Three Blessings Exercise
It is a recommendation of mine that we do an After-Action Review of the day’s activities each night so that we can learn from our experiences and determine how to do better the next day.
You are either driven in life by your past or pulled forward by a compelling future.
This tells us we don’t want to get stuck punishing ourselves when things don’t go as planned in an never-ending game of retrospective second-guessing.
If only I did this, what if I did that, I should have done this and how could I have missed that? This is not very useful, especially just before bed.
What I like to do is focus squarely on what went right instead of what went wrong. This is in none of our temperaments for most of us are biased towards negativity, some more than others.
The good news is the nervous system (including your brain) is trained by experience.
You might arrive with an inborn temperament which leans towards doom and gloom but with practice, you can retrain your brain to focus on more positive things and therefore, relieve suffering.
The exercise the positive psychologists recommend is this:
Tonight, and every night for the next week just before you go to sleep, think of three things that went well that day and WHY they went well.
Doesn’t have to be big things.
Could be that you were glad there was Greek yoghurt left in the fridge to which you could add a teaspoon of organic granola and enjoy an evening snack under 125 calories.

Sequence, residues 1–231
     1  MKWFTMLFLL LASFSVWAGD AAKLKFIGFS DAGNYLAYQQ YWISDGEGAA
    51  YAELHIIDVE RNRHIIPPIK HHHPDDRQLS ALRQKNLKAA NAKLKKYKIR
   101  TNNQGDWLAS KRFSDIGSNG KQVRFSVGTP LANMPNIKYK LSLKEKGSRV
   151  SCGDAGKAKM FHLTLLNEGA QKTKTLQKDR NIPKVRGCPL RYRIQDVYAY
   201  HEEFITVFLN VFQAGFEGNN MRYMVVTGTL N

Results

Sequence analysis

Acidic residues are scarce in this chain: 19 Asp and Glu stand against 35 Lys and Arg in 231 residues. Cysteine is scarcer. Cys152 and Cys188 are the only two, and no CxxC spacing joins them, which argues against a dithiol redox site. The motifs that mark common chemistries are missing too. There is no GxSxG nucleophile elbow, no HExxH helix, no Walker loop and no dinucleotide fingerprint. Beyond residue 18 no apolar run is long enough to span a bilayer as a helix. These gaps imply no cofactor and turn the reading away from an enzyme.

It might be that you took a short cut home and saw a beautiful tree or shaved 15 minutes off your commute.
It could even be something like larger like you stood up to someone or handled a personal interaction that had the potential to go off the rails with finesse instead.
Answer at least one of these questions.
– Why did this good thing happen?
– What does it mean to me?
– How can I have more of this in my life?
Try that for seven days and let us know how it goes. If it works out well for you, why not adopt it as an end of day ritual on a permanent basis.
I’ve been doing it more or less for a few years. I also find it helps me focus on what is important the next day.
(Greek yoghurt is an occasional treat and not a mainstay of my diet, for example)
This exercise is what lifted my depression a few years ago when I was stuck in a job and desperate to get out, while my obligations to family had me feeling trapped.
A simple daily nudge in the right direction made all the difference and soon my whole model of the world shifted from gloom to BOOM!
I had developed critical optimism.
I began to follow what made me happy rather than tolerate what made me sad.
And here we are.
Invictus! true and free…
Christopher K Wallace